On writ of certiorari to the Supreme Court, the College asserted that we had erred in deferring to the district court's determination of state law. The Supreme Court agreed, holding that "a court of appeals should review de novo a district court's determination of state law." 111 S. Ct. at 1221. It is that review to which we now turn.
The doctrine of substantial performance "is one that has played a part in the enforcement of contracts and in the statement of contract law." 3A Corbin, Corbin on Contracts Sec. 700, at 308 (1960). "When a contract has been made for an agreed exchange of two performances, one of which is to be rendered first, the rendition of one substantially in full is a constructive condition precedent to the duty of the other party to render his part of the exchange." Id. at 309.
The Rhode Island Supreme Court specifically has applied this doctrine in the construction contract context. DiMario v. Heeks, 116 R.I. 44, 351 A.2d 837 (R.I.1976). In that case, quoting Corbin, supra, at Sec. 704, the court explained that "the evaluation of a contractor's performance as substantial or unsubstantial is not simple but rather is 'a matter of degree,' and should be made 'relatively to all the other complex factors' in a case." 351 A.2d at 839.
In National Chain Co. v. Campbell, 487 A.2d 132 (R.I.1985), a case involving a contract for the wallpapering of office space, the court held that the trial court had erred in failing to give a "substantial performance" instruction. The court stated:
"We adhere to the rule enunciated in DiMario v. Heeks that 'a contractor cannot recover on a building contract unless he has substantially performed and that any lesser degree of performance will not suffice.' In our view, consideration of the doctrine of substantial performance is warranted by the evidence in the record before us. Whether there has been substantial performance is a question of fact for the jury to resolve relying on all the relevant evidence. It was error for the trial justice in this case to withhold that instruction from the jury."
Id. at 135 (citation omitted).
In the instant case, after receiving a "substantial performance" instruction from the trial court, the jury apparently found that Russell had substantially performed her part of both the underlying matriculation agreement as well as the "side agreement" relating to her weight loss. Our task is to determine whether it was proper for the court to give the substantial performance instruction to the jury in the first instance. We hold that it was.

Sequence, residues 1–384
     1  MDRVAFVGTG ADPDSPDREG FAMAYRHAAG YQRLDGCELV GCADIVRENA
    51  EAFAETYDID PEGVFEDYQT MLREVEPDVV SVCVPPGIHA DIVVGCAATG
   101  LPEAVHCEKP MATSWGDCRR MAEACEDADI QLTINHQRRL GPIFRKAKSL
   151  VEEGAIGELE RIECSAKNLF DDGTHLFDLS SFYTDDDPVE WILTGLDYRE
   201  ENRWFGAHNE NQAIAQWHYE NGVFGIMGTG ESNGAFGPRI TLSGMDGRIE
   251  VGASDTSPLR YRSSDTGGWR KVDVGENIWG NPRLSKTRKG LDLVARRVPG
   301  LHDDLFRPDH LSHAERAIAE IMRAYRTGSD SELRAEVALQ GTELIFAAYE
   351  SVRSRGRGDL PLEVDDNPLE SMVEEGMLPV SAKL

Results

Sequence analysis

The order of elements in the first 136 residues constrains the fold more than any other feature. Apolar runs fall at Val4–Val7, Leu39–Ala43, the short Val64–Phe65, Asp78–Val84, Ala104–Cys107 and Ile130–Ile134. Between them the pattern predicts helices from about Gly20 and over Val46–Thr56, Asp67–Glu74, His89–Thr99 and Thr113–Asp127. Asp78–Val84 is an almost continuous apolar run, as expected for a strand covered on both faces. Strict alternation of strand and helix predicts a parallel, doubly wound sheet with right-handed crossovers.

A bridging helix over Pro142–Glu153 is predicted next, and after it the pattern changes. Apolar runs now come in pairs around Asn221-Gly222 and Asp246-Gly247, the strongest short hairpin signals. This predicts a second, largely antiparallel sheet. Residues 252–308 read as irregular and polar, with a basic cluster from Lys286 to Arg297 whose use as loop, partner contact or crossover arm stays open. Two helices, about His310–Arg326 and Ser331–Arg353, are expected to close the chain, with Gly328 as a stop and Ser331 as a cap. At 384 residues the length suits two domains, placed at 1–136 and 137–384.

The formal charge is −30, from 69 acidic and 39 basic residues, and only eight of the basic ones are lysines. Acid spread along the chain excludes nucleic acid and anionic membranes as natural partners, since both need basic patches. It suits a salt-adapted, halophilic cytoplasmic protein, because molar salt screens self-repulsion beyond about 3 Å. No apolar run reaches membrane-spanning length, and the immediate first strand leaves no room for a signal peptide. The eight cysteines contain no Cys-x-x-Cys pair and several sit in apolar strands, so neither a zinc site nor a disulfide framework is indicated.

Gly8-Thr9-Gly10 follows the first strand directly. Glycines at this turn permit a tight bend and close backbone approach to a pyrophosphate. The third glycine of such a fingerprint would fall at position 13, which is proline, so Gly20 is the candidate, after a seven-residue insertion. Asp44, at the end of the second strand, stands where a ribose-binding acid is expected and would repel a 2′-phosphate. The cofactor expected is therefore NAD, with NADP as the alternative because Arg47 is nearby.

The facts of this case are novel. We find it unremarkable that neither the Rhode Island Supreme Court--nor, indeed, any court of which we are aware--has been confronted with a fact pattern like this one. Our plenary review of Rhode Island law, however, as well as the law of other jurisdictions, convinces us that the Rhode Island Supreme Court would have applied the doctrine of substantial performance to the instant case.
The College's arguments notwithstanding, we find no evidence that the Rhode Island Supreme Court has evinced a particularly begrudging attitude toward the doctrine of substantial performance. To the contrary, that court's language in Campbell, a case in which it reversed the trial court based in part on the latter's failure to give a substantial performance instruction, displays, in our view, a receptive attitude toward the doctrine. Furthermore, although the Rhode Island Supreme Court to date has not spoken on the doctrine's applicability much beyond the building contract context, that silence reflects only the fact that the court apparently has not been faced squarely with the issue. Salve Regina can point to no case in which the Rhode Island Supreme Court has rejected the doctrine on the ground that its applicability is limited to construction contracts nor any language so suggesting in any of the cases where the doctrine has been applied. We have no reason to believe that that court would disagree with Professor Corbin that "[t]his problem of 'substantial performance' is involved in contracts of all kinds, contracts for the sale of land or of goods, contracts for the rendering of personal services, and contracts for manufacture and transportation, as well as for contracts for the building of buildings or for other creative construction." Corbin, supra, Sec. 701 at 312-13 (footnotes omitted); see, e.g., R.F. Carle Co. v. Biological Sciences Curriculum Study Co., 616 P.2d 989, 991 (Colo.App.1980) (applying doctrine in case where contract involved the advertising and endorsement of equipment and materials used in school science classes).
The weight of authority indicates that the doctrine of substantial performance has wide applicability. Our review of Rhode Island contract law suggests that the Rhode Island Supreme Court would be inclined to follow the weight of authority. See Winegar v. Earle, 108 R.I. 464, 276 A.2d 468, 470 (R.I.1971) (following weight of authority) ("The question of whether the anticipatory breach doctrine, so-called, should be followed where the contract has become executory as to one party is novel in this jurisdiction. This circumstance has led us to an extensive review of the numerous cases covered in the eminent digests cited by the parties, as well as a consideration of the reasoning of the esteemed text-writers Williston and Corbin.").
Salve Regina asserts that the unique facts of this case, and particularly the fact that it involves a contract between a student and a college, do not lend themselves to the application of the substantial performance doctrine. The cases relied upon by the College, however, are distinguishable. The instant case simply does not implicate concerns such as a school's academic integrity.
The College has moved for certification to the Rhode Island Supreme Court of the questions (1) whether a school can refuse a student enrollment in a course where the student has not met mutually established weight-loss requirements and (2) whether the doctrine of substantial performance applies to a dispute between a student and a private college. We find certification of these questions to be neither necessary nor appropriate. We deny the College's motion.
We hold, having now reviewed the matter de novo, that the Rhode Island Supreme Court would have applied the doctrine of substantial performance to the contract dispute involved in this case. Accordingly, we reinstate our prior judgment affirming the judgment of the district court. Our previous opinion, 890 F.2d 484, is reinstated as modified by our de novo analysis of Rhode Island state contract law but is reinstated in its entirety in all other respects.
Costs in this court to appellee Russell.
Of the Second Circuit, sitting by designation